For reasons too serpentine to dig into, a situation developed in which Lakers owner Jerry Buss was forced last week to choose between Bryant on the one hand, or O'Neal and Jackson on the other.

Inexplicably, Buss went with Bryant, leaving Jackson out of a job and O'Neal demanding a trade. I can't even begin to describe enormity of that mistake. Sports history will eventually file it in the "What were they thinking?" file next to the Cubs trading Lou Brock to the Cardinals for Ernie Broglio and the Trail Blazers drafting Sam Bowie over Michael Jordan.
Alright, I'm going to say it, even though you're not really supposed to.

I'm getting a little bit sick of Lance Armstrong.
I know we're all getting tired of this, but I can't seem to stop myself just yet. Hopefully by Monday it will be out of my system.

I watched Clinton on Larry King last night, which went just as one would expect. Among the tough questions Larry asked him (I kid you not) was, "How old are you now?"

In the interviews I've seen, Clinton has shown a distinct pattern of appearing to take perfunctory responsibility for the Lewinsky affair, while really blaming his own behavior on Ken Starr and the Republicans, as if Starr got a court order forcing Clinton to take down his pants for an intern.

Said Clinton last night, about the onset of the Lewinsky liason (and his widely reported "I did it because I could" statement):
We're in the middle of the first government shutdown ever or right at the beginning of the second one. And I don't know who is going to win. We're in this titanic struggle for the future of the country.

And meanwhile, I got this guy Starr who is trying to put me and Hillary in jail and all these guys in Congress now in the majority holding hearings acting like it's serious and tormenting people who work for me, people who have been friends of mine. It was like crazy half the time. I thought man, I'm lost in the funhouse.

And people who live parallel lives, as I describe that, grow up in alcoholic homes, for example, very often when they're angry, exhausted or under great stress or vulnerable, to go down the wrong track of their parallel lives. And that's what I meant by that. I knew better than to do it. I didn't really want to do it at some level, but I could do it. It was there. And I did it.
You see, Clinton committed adultery with an intern as a misguided act of patriotism in defense of the Constitution and his persecuted wife and friends. Of course, this is about as close as Clinton will ever get to taking responsibility for diddling someone only a couple of years older than his daughter.

The interesting question it raises in my mind is: What about Gennifer Flowers, then? Clinton had never heard of Ken Starr, there was no "prosecution" then, there was no government shutdown (or even a presidency, for that matter). What about Paula Jones, whom he once claimed he never met, but whom he later paid an $850,000 settlement? She was before he was ever elected to the presidency. What about Kathleen Willey? What about Dolly Kyle Browning, who says Clinton had an affair with her from the 70's up until his run for the presidency? What about former Miss America Elizabeth Ward Gracen, who says she and Clinton had a one-night stand in 1983? What about the dozens of other Arkansas women who claimed affairs with Clinton? What about the three or four other women Lewinsky told Linda Tripp (on the Tripp tapes) that she believed Clinton was involved with at the same time as his involvement with her?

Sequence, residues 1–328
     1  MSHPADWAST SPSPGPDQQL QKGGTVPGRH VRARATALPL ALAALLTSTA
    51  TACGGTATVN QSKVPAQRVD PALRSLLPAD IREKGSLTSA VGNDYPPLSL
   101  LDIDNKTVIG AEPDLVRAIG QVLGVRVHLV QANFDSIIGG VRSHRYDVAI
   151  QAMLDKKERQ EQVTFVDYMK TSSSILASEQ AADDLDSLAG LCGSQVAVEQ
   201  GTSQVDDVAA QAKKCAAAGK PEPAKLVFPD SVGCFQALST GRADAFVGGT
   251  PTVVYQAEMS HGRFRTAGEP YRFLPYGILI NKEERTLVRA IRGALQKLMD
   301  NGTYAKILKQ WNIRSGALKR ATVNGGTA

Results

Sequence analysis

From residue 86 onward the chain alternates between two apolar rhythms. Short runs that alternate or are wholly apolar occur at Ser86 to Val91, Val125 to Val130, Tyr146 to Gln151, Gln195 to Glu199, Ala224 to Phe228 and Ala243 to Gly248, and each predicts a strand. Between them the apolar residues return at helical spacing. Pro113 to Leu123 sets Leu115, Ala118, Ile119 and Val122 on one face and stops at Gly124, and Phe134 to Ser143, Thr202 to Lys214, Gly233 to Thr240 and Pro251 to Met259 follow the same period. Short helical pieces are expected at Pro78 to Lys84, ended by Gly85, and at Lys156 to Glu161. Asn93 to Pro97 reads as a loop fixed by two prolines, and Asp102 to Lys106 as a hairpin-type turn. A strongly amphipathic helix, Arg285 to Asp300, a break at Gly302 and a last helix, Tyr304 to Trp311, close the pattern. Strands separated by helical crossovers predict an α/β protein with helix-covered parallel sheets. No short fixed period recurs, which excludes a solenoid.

And if it's all just a political game, how come both George Bushes, Jimmy Carter, Ronald Reagan, Gerald Ford, Richard Nixon, Al Gore, Joe Lieberman and Michael Dukakis never had dozens of crackpots coming forward to claim affairs?

(UPDATE: The Washington Times has a piece on just this topic, including a much longer list of names than mine. Hat tip to La Shawn Barber, on whose blog I just saw it.)

Thursday, June 24, 2004

Because of the goodwill of the last few weeks, combined with sensitivity about the death of a loved one, Ron Reagan Jr. has been given a mostly free ride for his insipid comments at his father's burial and in subsequent interviews.

Last night the former ballerina and dog show host was on Larry King Live, again selling his silliness. It's unfortunate that he trades on his father's name (which he has shamelessly ridden all his life) to get media appearances in which he shoots down the very things his father valued most.

Larry Elder has an excellent column today, finally debunking the main load of nonsense that Ron's been shoveling since the funeral: that Ronald Reagan believed his Christian faith was something to be kept behind closed doors and out of public debate and policy. Nothing could have been further from the truth.

One thing is clear: Jane Wyman is considered the "bad" wife for having left Ronald Reagan. Whatever the merits of that argument, the proof is in the pudding, and she sure did a heck of a better job raising children than Nancy ever did. Michael and Maureen Reagan are honorable people. Ron and Patty are twerps.
I watched my first Clinton book-tour interview on PBS's Charlie Rose last night, having already missed the Oprah and Rather fawn-fests. Of course, Rose did everything but climb over the desk and give Clinton a Monica, but it was still interesting viewing.

The one thing I had forgotten, which is easy to do when merely looking at the dry, written facts of history (as I have been doing recently, and which are not kind to Clinton), is just how good Clinton is on television. He's astoundingly good, which explains how he was able to get elected to two terms and ride relatively high popularity ratings despite the fact that polls clearly showed the American people didn't trust him or believe him.